“American applicants, to Dutch eyes, oversell themselves. Their CVs are worded in superlatives…during the interview they try to behave assertively, promising things they are very unlikely to realize…Dutch applicants in American eyes undersell themselves. They write modest and usually short CVs, counting on the interviewer to find out by asking how good they really are…they are very careful not to be seen as braggarts and not to make promises they are not absolutely sure they can fulfill. American interviewers know how to interpret American CVs and interviews and they tend to discount the information provided. Dutch interviewers, accustomed to Dutch applicants, tend to upgrade the information. To an uninitiated American interviewer an uninitiated Dutch applicant comes across as a sucker. To an uninitiated Dutch interviewer an uninitiated American applicant comes across as a braggart.”

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Adaptation Strategies

Adaptation is the most obvious strategic response to differences, and variation the most obvious lever for achieving it: as the adage has it, when in Rome, do as the Romans do. This note adds three additional points, which are captured in exhibit 3-1. First, variation should be thought about more broadly than simply tailoring products or services to local market requirements. Second, since variation is costly, smart adaptation typically involves not only appropriate decisions about the amount of variation but use of one or more complementary levers—focus, externalization, design, and innovation—that help improve its effectiveness. Finally, the sheer variety of the levers and sublevers for adaptation suggests room to broaden strategic discussions beyond the usual tug-of-war between headquarters and the field over centralization versus decentralization.

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Differences in Business Ownership and Governance around the World - Globalization Note

Culture, the first element of the CAGE framework presented in the article “Distance Still Matters,” refers to the attributes of a society that are sustained by interactions among people, whereas the administrative element of CAGE refers to aspects that are sustained by state authority: governmental policies (and practices), laws and public institutions. As noted in that article, administrative attributes such as colonial-era ties, preferential trading arrangements, a common currency, political amity, policies of openness, and strong public institutions significantly boost trade. Similar influences also seem to apply to foreign direct investment and other cross-border flows of capital, of people and of information. And while administrative similarities account for most of these influences, selected administrative differences can also generate cross-border activity, e.g., through the exploitation of tax or regulatory differences.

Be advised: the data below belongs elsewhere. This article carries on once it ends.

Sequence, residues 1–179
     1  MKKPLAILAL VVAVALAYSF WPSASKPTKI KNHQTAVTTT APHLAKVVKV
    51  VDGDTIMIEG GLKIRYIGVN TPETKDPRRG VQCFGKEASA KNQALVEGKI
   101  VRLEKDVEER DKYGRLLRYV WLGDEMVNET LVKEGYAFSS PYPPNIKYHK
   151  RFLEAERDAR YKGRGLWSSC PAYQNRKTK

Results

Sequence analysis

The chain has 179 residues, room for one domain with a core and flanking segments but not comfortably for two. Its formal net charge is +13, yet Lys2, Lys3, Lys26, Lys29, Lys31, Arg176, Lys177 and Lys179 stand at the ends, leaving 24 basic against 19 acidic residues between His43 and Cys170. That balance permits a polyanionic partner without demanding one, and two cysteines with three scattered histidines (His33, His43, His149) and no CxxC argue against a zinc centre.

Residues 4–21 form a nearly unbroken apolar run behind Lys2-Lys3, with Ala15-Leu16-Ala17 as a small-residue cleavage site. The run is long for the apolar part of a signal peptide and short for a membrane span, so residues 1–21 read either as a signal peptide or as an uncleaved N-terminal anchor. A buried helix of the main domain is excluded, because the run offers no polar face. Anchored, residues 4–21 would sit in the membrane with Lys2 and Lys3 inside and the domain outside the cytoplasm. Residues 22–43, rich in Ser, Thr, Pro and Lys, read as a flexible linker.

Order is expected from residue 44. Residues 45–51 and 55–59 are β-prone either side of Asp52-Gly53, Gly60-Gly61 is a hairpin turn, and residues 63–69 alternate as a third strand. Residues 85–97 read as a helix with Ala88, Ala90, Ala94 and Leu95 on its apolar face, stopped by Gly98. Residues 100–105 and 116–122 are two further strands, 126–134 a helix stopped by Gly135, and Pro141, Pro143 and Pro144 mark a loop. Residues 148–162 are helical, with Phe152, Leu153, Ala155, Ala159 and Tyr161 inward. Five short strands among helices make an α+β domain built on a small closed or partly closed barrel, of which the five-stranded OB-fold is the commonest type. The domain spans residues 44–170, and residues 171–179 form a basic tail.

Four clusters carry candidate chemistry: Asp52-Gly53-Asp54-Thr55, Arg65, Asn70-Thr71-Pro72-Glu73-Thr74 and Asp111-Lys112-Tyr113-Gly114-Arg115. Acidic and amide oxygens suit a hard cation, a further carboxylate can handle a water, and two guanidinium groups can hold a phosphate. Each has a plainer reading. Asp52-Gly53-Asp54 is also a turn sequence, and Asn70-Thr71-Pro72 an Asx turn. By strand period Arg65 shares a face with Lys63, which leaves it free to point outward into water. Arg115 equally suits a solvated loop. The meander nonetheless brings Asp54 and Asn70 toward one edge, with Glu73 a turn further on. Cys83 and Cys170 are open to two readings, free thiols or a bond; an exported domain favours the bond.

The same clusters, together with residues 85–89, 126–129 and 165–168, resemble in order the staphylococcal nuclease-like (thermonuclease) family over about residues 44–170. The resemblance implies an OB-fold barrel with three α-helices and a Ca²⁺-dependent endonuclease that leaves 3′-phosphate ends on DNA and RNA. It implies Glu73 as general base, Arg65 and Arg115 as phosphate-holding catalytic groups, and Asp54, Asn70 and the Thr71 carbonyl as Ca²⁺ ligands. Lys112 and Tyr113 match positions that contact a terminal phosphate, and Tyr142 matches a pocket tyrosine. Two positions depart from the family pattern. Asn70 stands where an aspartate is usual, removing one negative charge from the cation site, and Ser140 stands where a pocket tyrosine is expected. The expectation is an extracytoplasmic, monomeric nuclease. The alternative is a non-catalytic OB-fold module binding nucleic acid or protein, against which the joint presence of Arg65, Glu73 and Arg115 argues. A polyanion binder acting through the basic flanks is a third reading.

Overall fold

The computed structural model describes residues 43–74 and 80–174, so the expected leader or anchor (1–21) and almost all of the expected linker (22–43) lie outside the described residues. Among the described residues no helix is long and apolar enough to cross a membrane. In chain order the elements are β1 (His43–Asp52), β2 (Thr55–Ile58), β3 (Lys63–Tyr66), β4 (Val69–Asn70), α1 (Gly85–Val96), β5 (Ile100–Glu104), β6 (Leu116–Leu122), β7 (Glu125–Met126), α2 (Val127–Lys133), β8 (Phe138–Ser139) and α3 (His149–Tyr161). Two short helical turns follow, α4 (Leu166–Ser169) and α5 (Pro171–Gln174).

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Arbitrage Strategies

Arbitrage is a way of exploiting differences by seeking absolute economies rather than the scale economies gained through standardization. It treats differences across borders as opportunities, not as constraints. This note begins by underscoring the importance of arbitrage. Then, the CAGE framework is used to unpack potential bases of arbitrage and the ADDING Value scorecard is applied to analyze arbitrage strategies.

The Absolute Importance of Arbitrage

Arbitrage, of course, is the original cross-border strategy. Many of the great traders throughout history got their start by trading luxuries that were subject to extreme differences in absolute costs and availability. Thus, Europe’s spice trade with India because spices could (initially) be sold in Europe for several hundred times what they cost in India. Furs and fish that were abundant only in North America helped create a transatlantic trade and, incidentally, led to the colonization of the continent.

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Aggregation Strategies

Aggregation involves using various grouping devices to create greater economies of scale or scope than country-by-country adaptation allows. The key idea is to find ways to group things so that within-group differences are minimal compared to differences between groups, facilitating the pursuit of cross-border scale or scope economies within groups.

Just as there are many adaptation levers and sublevers, there are many possible bases of aggregation. But in the context of international strategy, an obvious focus is provided by approaches to aggregation that cut across national boundaries and, in particular, ones that operate at the regional (continental) level, i.e., at a level between the individual countries emphasized by adaptation strategies and the whole world.